Although the Godzilla suit is larger than the more recent ones, it was amazing to see how maneuverable it was and expressive it could be. Mothra never looked better and never flew better. It did not suffer from the wing movements (or lack thereof) of previous films. If only Megaguirus (in "Godzilla X Megaguirus") had the wing articulation that Mothra did, it would have greatly improved that film. The Mothra larva was only briefly seen in a nighttime shot and there was an aerial shot of Mothra's cocoon floating on a lake. Unfortunately, it lacked detail, and looked like Snoopy floating in a bathtub.
The use of integrating CGI (computer-generated imaging) with the live action enhanced the effects.
The "younger" versions of Ghidorah were good, but the final form transformation of King Ghidorah was absolutely breathtaking.
What is especially striking about this movie is the daytime photography of the battle between Godzilla and Baragon. That, plus the miniatures and camera angles, made Baragon the show-stealer. The flaws usually apparent in having a human portraying a quadruped were not present in this film. One can only imagine how well Anguirus (a past Japanese monster) would have turned out if he had been included.
Baragon, while clearly out-matched by Godzilla, was tough-as-nails (like a pit bull) and fought valiantly.
The dark humor one usually associates with Kaneko's films were also apparent in this film. A man relieving himself and a girl in a hospital meet their maker courtesy of Godzilla were fun to watch. The funny part is, one instinctively knew ahead of time what was to happen, but it was fun anyway.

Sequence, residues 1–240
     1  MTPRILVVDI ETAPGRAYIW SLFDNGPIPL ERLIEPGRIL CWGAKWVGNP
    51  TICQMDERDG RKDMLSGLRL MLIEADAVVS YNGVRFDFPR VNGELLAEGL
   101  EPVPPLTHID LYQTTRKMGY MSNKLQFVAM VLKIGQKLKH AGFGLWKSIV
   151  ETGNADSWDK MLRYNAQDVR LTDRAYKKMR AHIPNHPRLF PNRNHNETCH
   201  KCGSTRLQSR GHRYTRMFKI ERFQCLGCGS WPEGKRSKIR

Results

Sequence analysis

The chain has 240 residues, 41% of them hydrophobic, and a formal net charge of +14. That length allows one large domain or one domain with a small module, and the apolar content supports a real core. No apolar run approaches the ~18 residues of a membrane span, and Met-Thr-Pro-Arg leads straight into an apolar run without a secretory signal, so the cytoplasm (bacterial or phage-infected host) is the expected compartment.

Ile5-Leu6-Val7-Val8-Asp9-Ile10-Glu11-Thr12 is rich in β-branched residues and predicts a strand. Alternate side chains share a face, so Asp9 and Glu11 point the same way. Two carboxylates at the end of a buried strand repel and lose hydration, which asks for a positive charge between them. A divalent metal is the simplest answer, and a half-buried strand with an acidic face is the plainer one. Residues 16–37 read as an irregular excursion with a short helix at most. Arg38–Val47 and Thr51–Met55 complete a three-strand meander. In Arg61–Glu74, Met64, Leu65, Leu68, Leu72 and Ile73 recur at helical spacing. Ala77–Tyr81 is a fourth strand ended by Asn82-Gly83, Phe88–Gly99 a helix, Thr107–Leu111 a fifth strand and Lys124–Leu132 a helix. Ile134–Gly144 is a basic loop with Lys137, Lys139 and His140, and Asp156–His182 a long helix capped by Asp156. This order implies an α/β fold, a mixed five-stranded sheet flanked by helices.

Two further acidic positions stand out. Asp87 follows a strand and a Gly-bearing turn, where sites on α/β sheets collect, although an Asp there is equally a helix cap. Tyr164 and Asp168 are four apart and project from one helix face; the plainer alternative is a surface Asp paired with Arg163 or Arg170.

The battles were all well done and there was not a dull moment. The ending was a surprise, though.
Without giving it away, I'll just say that it was a very unusual one for a Godzilla film. This is obviously "not your Daddy's Godzilla film" and is more like a "thinking man's Godzilla film." It definitely cries out for repeated viewings in order to soak in all the various nuances. The score was okay, but not strong as the
one for "Godzilla X Megaguirus." The sound system was lacking and the score will be remixed before the film's general release.
Post Movie Mortems.
The movie ends and the crowd files out of the theater. It is pouring rain outside, but everyone is so pleased with the movie that they linger around to discuss it and visit with friends. Original Godzilla suit actor Haruo Nakajima was there and graciously signed autographs and posed for photos with fans. I complimented Mr. Tomiyama on a job well done. I had earlier seen people exit the theater from other movies and at no time did they stay and linger as the Godzilla crowd did. It was a communal experience with like-minded people, Japanese and non-Japanese alike.
Eventually, the crowd thinned out to different venues for dinner, drinks or whatever. I went with a group to dinner in Nakano that grew to around 20 that included Kenpachiro Satsuma. Mr. Satsuma, while quite a character anyway, really gets quite jolly after putting away a few. He's definitely a man one would enjoy partying with.
There were some who attended that I only knew from the internet and it was a pleasure meeting them in person. Sometimes, one can get the wrong impression on somebody and when you meet them and talk with them for a while, you can come away with a vastly different (for the better) view of them.
A new Godzilla film is now being planned to be made this year and if it gets premiered at the 2002 T.I.F.F., without hesitation I would suggest that you seriously consider going. Sure it costs a little money, but what's a little money in comparison to a lifetime's memory of an experience that many have only dreamed of? You only live once, so make the most of it. And if you do go, take some time to go see some of the country. You will want to return, I certainly do.
Above, Shogo Tomiyama, Godzilla and Shusuke Kaneko pose for photos with some of the movie's actors. Photo by Armand Vaquer.
It is interesting to look back at what I wrote at the time. Some of the things I wrote were a little off. For example, Godzilla's dorsal spikes weren't first seen behind the sunken submarine. They were seen glowing behind an underwater rock formation. I was going by memory at the time (along with some notes).
"GMK" is probably the most revered G-movie of the millennium series (1999 - 2004).